As this review by Ken Tucker points out, this powerful 1990 film made for HBO would not likely have been able to address its topic so forthrightly on network television.  It shows the impact on a family as they learn their young son was repeatedly sexually molested by their esteemed Roman Catholic priest.  The story takes place around the time the long-hidden and denied Catholic sex scandals had just begun surfacing.  Starring well-known actors Keith Carradine, Blythe Danner, and David Strathairn, with young Michael Faustino giving an excellent performance as the boy, the film is based on a true story of two loving parents, lifelong Roman Catholics, who are shocked and anguished over their young son’s suffering and acting out after the abuse.  They refused the settlement that some other families agreed to and were resolute in demanding nothing less than justice. They were thoroughly appalled by the way the insurance company tried to manipulate the situation and by the church’s practice of hushing up incidents of sexual abuse by simply moving accused priests to other parishes. The film is amazingly candid in how it treats the topic.

Video on Sinead’s Hand in Marriage (online)
Just as in the United States, many justice-oriented people in Ireland are working to make legal marriage available to gay and lesbian couples.  This short film (fewer than 2 minutes long)  comes from MarriagEquality, Ireland, and makes its point in a clever way.  The movement  for marriage equality in that country began through the efforts of two women who had been in a committed 25-year relationship.  They make many of the same points made by Rev. Dr. Marie Fortune in her article, “Our Marriage Was Taken from Us,” , which was written for the Winter, 2009 issue of Christian Feminism Today and which appears on our own website.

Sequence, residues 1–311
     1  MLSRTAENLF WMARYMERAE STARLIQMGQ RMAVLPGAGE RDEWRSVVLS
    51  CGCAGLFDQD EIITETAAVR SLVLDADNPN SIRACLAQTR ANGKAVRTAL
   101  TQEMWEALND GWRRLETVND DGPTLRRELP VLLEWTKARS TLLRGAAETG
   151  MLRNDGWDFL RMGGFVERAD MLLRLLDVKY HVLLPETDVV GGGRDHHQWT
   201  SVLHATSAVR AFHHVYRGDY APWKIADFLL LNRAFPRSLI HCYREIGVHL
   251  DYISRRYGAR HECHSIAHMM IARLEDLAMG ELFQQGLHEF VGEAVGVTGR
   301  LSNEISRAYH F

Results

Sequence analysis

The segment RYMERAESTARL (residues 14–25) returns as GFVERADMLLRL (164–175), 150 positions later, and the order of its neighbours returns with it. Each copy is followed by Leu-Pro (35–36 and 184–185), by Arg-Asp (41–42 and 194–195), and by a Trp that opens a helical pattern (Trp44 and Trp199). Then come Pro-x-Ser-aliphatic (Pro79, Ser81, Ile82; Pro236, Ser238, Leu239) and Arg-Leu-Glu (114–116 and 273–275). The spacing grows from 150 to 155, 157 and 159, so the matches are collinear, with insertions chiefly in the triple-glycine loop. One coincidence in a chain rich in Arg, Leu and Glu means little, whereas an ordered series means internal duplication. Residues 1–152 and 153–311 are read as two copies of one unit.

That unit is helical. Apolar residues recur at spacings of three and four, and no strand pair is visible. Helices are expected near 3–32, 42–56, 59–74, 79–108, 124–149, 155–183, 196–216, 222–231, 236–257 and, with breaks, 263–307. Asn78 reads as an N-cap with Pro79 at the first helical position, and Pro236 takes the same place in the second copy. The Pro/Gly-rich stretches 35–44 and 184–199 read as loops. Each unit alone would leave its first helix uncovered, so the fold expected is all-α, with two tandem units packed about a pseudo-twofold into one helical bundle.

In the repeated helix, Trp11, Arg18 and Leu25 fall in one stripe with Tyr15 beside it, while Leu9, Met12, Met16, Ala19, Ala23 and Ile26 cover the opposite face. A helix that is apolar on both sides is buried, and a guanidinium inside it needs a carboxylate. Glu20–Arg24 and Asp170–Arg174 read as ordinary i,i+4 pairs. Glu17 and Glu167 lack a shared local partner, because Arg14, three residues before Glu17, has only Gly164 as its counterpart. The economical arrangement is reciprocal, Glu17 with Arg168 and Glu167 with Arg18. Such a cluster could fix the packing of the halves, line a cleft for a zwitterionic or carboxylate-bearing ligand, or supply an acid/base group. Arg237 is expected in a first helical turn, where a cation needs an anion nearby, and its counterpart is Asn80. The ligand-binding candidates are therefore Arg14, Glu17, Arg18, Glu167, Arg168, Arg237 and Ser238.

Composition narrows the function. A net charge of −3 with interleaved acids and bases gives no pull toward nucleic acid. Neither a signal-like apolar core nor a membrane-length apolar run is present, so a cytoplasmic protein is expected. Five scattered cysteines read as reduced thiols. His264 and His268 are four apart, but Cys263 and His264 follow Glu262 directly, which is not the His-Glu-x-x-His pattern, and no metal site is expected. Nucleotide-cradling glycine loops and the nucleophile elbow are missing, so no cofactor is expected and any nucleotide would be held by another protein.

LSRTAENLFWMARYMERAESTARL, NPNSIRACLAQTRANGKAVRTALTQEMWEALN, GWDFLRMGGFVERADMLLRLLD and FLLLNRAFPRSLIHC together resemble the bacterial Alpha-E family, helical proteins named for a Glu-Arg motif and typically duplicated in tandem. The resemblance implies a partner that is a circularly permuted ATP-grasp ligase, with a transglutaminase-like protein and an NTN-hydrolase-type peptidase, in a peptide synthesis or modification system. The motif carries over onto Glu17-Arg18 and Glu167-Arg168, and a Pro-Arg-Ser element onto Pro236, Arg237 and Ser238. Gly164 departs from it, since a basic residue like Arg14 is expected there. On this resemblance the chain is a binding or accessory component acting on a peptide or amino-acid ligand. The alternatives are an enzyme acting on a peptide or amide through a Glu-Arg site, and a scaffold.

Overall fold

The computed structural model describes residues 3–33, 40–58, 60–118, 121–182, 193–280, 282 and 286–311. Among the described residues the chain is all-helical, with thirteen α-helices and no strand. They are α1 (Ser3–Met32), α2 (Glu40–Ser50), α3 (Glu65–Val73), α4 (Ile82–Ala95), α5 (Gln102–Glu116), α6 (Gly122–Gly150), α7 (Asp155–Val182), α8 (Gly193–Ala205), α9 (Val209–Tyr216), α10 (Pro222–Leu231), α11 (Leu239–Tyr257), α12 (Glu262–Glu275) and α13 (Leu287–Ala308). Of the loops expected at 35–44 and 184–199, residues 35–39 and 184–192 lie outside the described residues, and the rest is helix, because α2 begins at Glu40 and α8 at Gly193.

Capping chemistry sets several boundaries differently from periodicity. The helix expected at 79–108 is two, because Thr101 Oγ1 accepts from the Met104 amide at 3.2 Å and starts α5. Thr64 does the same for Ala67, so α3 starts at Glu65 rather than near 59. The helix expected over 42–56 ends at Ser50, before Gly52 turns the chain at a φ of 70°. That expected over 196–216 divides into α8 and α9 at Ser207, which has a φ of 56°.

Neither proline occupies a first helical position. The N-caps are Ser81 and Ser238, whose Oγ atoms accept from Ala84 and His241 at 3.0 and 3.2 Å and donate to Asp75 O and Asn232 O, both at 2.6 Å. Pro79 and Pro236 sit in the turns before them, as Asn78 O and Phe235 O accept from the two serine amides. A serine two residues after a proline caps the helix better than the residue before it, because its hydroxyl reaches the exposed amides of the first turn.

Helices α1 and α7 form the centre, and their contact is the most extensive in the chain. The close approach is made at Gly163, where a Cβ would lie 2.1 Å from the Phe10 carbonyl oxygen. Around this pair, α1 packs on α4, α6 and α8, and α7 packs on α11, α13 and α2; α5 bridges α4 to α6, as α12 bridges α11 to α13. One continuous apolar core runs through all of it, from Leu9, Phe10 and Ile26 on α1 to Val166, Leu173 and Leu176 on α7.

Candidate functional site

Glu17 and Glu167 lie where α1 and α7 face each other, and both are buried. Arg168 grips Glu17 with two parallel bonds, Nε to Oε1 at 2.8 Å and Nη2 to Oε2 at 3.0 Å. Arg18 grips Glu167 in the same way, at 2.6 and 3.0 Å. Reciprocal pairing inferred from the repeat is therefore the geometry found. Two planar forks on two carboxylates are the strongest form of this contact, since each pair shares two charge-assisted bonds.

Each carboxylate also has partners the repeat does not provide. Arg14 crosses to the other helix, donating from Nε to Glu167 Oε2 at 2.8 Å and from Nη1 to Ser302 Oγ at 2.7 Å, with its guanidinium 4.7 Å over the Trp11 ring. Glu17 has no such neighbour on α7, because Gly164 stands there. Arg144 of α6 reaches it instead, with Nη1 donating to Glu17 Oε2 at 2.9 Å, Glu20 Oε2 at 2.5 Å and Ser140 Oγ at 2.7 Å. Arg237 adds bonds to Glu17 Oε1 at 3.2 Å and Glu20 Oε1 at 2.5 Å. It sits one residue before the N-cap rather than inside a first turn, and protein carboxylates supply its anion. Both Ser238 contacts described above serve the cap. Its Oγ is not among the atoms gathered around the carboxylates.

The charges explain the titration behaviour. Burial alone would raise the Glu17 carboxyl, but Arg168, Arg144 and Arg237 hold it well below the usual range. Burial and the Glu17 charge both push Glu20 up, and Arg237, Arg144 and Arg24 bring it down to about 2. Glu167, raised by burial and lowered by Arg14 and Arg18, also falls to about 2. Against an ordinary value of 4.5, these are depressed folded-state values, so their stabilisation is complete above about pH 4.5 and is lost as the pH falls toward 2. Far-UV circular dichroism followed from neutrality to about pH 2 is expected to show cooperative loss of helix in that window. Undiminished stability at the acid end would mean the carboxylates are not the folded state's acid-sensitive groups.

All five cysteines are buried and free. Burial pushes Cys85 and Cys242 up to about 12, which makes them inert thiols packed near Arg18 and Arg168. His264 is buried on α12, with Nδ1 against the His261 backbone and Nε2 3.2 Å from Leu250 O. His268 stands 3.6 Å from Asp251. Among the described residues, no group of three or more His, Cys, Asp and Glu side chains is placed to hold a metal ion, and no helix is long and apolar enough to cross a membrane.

Online Video: Wendell Potter Tells Why He Changed His Mind about the Health Insurance Industry
Wendell Potter held a high position in the health insurance industry until he had an experience that put a face on what had been impersonal numbers and helped him see patients – actual human beings – instead of profits.  He decided to leave his job and speak out about common practices among health insurers.  Listen to him talk about in on the PBS program, Bill Moyers’ Journal.

Online Audio: Gloria Steinem at 75 
Gloria Steinem, at age 75, continues her work for social justice and full gender equality in all areas of life.  Hear her interview on Minnesota Public Radio, June 15, 2009..

Online Video: Judy Small’s concert at the Kennedy Center’s Millennium Stage
I know many feminists, including many members of EEWC-Christian Feminism Today, have long been fans of the Australian folksinger Judy Small and have appreciated her vision for peace and justice, her activism, and her music.  You can listen to a live concert online from one of her trips to the United States a few years ago and performed on the Millennium Stage at the Kennedy Center.

Online Audio and Narrated slide show – Nicholas Kristoff on how the education and empowerment of women can change the world.
Listen and watch these stories of what the empowerment of women can mean – for everybody.

 

That’s all for this edition of “Web Explorations for Christian Feminists.” See you again in January – or maybe even before!

Your Web Explorations Guide
Letha Dawson Scanzoni